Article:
As pushing AI capabilities is both incentivized for and unilateralist, we should hold arguments for it to a much higher standard. Being merely convincing (or even worse, just plausible) isn’t enough. The case should be overwhelming.
Moreover, a lot more optimization pressure is being put into optimizing the arguments in favor of advancing capabilities than in the arguments for caution and advancing alignment, and so we should expect the epistemological terrain to be fraught in this case.
We are still engaging with the arguments as if there were not much more resources dedicated to coming up with new arguments for why pushing capabilities is good. But this is mostly for practical reasons: we expect the current community would not react well if we did not do that.
Advancing AI capabilities is heavily incentivized, especially when compared to alignment. As such, arguments that justify advancing capabilities as necessary for alignment should be held to a higher standard. On the other hand, there are very few alignment researchers, and they have limited resources to find and spread counter-arguments against the ones justifying capabilities. Presenting a given piece of capabilities work, as something that will happen soon enough anyways, or pushing for the elimination of “overhangs” to avoid surprise both fall under that umbrella. It is very easy to miss the downstream impacts of pushing us along the progress curve (as they are in the future), and very hard to clarify vague claims about what is an overhang versus a capability.
Instead of vague promises of helping alignment research and plausible deniability of harm, justifying advancing AI capabilities for alignment requires overwhelmingly convincing arguments that these actions will obviously advance alignment enough to be worth the downsides.
Here are a few example of arguments along these lines.
I have two major reasons to be skeptical of actively slowing down AI (setting aside feasibility):
1. It makes it easier for a future misaligned AI to take over by increasing overhangs, both via compute progress and algorithmic efficiency progress. (This is basically the same sort of argument as "Every 18 months, the minimum IQ necessary to destroy the world drops by one point.")
- RLHF is just not that important to the bottom line right now. Imitation learning works nearly as well, other hacky techniques can do quite a lot to fix obvious problems, and the whole issue is mostly second order for the current bottom line. RLHF is increasingly important as time goes on, but it also becomes increasingly overdetermined that people would have done it. In general I think your expectation should be that incidental capabilities progress from safety research is a small part of total progress, given that it’s a small fraction of people, very much not focused on accelerating things effectively, in a domain with diminishing returns to simultaneous human effort. This can be overturned by looking at details in particular cases, but I think safety people making this argument mostly aren’t engaging with details in a realistic way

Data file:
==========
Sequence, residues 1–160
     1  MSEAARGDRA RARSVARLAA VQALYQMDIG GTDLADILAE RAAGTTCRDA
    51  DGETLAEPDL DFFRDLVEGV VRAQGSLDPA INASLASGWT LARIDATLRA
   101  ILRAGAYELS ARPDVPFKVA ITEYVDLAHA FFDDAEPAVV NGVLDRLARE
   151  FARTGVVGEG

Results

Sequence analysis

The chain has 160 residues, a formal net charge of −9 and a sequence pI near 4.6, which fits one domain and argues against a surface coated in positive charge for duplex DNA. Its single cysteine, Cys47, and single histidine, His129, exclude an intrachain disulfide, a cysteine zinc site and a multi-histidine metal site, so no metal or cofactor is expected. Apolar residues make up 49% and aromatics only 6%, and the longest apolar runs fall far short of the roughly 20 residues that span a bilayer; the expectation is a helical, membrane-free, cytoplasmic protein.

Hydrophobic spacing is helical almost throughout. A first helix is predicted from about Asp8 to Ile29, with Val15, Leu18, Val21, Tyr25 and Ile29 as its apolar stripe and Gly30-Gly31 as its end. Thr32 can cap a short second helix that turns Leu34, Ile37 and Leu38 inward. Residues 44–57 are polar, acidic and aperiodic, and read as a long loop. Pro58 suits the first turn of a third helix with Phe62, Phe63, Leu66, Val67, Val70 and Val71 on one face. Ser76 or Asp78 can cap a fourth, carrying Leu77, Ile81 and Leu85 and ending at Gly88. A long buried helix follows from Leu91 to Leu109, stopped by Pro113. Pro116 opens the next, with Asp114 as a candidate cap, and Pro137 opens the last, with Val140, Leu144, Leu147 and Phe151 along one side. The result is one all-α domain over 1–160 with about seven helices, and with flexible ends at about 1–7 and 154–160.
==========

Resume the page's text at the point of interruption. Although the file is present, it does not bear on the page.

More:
- Avoiding RLHF at best introduces an important overhang: people will implicitly underestimate the capabilities of AI systems for longer, slowing progress now but leading to faster and more abrupt change later as people realize they’ve been wrong...
Paul and Rohin outlining these positions publicly is extremely laudable. We engage with Paul's post here as he makes concrete, public arguments, not to single him out.
My overall take is:
It seems like chain of thought prompting mostly became popular around the time models became smart enough to use it productively, and I really don't think that AI dungeon was the source of this idea (why do you think that?) I think it quickly became popular around the time of PaLM just because it was a big and smart model. And I really don't think the people who worked on GSM8k or Minerva were like "This is a great idea from the AI dungeon folks," I think this is just the thing you try if you want your AI to work on math problems, it had been discussed a lot of times within labs and I think was rolled out fast enough that delays had almost ~0 effect on timelines. Whatever effect they had seems like it must be ~100% from increasing the timeline for scaling up investment.
And even granting the claim about chain of thought, I disagree about where current progress is coming from. What exactly is the significant capability increase from fine-tuning models to do chain of thought? This isn't part of ChatGPT or Codex or AlphaCode. What exactly is the story?
I'm saying that faster AI progress now tends to lead to slower AI progress later. I think this is a really strong bet, and the question is just: (i) quantitatively how large is the effect, (ii) how valuable is time now relative to time later. And on balance I'm not saying this makes progress net positive, just that it claws back a lot of the apparent costs.
For example, I think a very plausible view is that accelerating how good AI looks right now by 1 year will accelerate overall timelines by 0.5 years. It accelerates by less than 1 because there are other processes driving progress: gradually scaling up investment, compute progress, people training up in the field, other kinds of AI progress, people actually building products. Those processes can be accelerated by AI looking better, but they are obviously accelerated by less than 1 year (since they actually take time in addition to occurring at an increasing rate as AI improves).
I think that time later is significantly more valuable than time now (and time now is much more valuable than time in the old days). Safety investment and other kinds of adaptation increase greatly as the risks become more immediate (capabilities investment also increases, but that's already included); safety research gets way more useful (I think most of the safety community's work is 10x+ less valuable than work done closer to catastrophe, even if the average is lower than that). Having a longer period closer to the end seems really really good to me.
If we lose 1 year now, and get back 0.5 years later., and if years later are 2x as good as years now, you'd be breaking even.